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It first surfaced in the gripes of GIs during World War II and was captured early on by the typewriter of a young Norman Mailer. Within a generation it had become a basic notion of our everyday moral life, replacing older reproaches like lout and heel with a single inclusive category -- a staple of country outlaw songs, Neil Simon plays, and Woody Allen movies. Feminists made it their stock rebuke for male insensitivity, the est movement used it for those who didn't "get it," and Dirty Harry applied it evenhandedly to both his officious superiors and the punks he manhandled.
The asshole has become a focus of collective fascination for us, just as the phony was for Holden Caulfield and the cad was for Anthony Trollope. From Donald Trump to Ann Coulter, from Mel Gibson to Anthony Weiner, from the reality TV prima donnas to the internet trolls and flamers, assholism has become the characteristic form of modern incivility, which implicitly expresses our deepest values about class, relationships, authenticity, and fairness. We have conflicting attitudes about the A-word -- when a presidential candidate unwittingly uttered it on a live mic in 2000, it confirmed to some that he was a man of the people and to others that he was a boor. But considering how much the word does for us, and to us, it hasn't gotten nearly the attention it deserves -- at least until now.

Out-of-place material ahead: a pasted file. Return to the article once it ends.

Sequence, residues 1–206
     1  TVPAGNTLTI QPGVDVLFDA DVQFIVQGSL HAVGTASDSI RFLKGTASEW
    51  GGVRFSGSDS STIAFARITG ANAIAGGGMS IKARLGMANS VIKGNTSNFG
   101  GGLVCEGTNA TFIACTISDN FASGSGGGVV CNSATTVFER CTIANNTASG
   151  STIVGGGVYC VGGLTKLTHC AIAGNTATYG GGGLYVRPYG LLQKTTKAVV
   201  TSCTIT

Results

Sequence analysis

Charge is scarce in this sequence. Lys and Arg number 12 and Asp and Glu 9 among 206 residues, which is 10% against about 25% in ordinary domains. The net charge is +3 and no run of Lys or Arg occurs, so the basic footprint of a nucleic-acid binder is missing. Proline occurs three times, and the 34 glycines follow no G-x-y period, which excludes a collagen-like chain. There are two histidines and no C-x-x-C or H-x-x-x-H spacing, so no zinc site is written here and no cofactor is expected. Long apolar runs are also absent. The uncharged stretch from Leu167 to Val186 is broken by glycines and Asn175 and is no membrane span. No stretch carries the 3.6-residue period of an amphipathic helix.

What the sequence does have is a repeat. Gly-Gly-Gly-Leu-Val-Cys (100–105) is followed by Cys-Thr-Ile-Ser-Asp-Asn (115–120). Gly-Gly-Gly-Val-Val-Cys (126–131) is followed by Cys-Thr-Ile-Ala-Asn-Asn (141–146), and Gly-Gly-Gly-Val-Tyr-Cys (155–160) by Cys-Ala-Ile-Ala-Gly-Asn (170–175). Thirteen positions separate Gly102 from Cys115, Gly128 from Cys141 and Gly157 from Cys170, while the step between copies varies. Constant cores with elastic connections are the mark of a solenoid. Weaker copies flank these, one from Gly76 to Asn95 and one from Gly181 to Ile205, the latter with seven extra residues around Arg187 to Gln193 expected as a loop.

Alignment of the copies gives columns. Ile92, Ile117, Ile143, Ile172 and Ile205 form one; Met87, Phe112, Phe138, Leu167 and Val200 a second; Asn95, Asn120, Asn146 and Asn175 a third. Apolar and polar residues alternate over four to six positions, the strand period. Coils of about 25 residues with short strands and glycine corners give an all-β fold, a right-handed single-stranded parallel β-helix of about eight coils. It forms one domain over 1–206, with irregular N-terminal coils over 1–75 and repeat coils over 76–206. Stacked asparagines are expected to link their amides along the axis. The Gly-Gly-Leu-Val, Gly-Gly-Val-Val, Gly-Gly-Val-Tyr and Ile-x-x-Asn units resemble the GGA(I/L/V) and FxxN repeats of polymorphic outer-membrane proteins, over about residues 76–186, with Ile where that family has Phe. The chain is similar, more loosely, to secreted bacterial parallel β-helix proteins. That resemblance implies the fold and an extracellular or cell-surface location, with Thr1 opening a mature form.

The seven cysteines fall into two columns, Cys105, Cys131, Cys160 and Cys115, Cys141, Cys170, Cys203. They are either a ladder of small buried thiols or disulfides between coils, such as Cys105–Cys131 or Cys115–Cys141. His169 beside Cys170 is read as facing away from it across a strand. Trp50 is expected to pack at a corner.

Tellingly, Nunberg's study of the word "asshole" begins with the observation that half of the people profiled in Barbara Walter's 2011 "Ten Most Fascinating People" feature could be considered assholes. What follows is an engaging blend of linguistics, analysis, and social commentary that breaks down the important place the word "asshole" occupies in our language and culture. Nunberg begins by charting the rise of "asshole" from its origins as WWII barracks slang, to its popularization in post-war literature (as in Norman Mailer's The Naked and the Dead), to its eventual adoption as part of Standard English in the 1970s. Nunberg then describes the various roles that "asshole" plays in society, detailing the formation of pop culture "anti-assholes" like Dirty Harry, musing on it as a psychological reclassification of a "heel," and charting its relationship to similar concepts of narcissism, inauthenticity, and incivility. The last of these relationships proves most fruitful to Nunberg as he spends a good amount of the book outlining "assholism" in the political realm, both as a quality popular in political commentators and as an insult when linked with incivility and lobbed across the aisle. In the end, Nunberg makes an entertaining and thought-provoking case for the importance and power of a "dirty" word.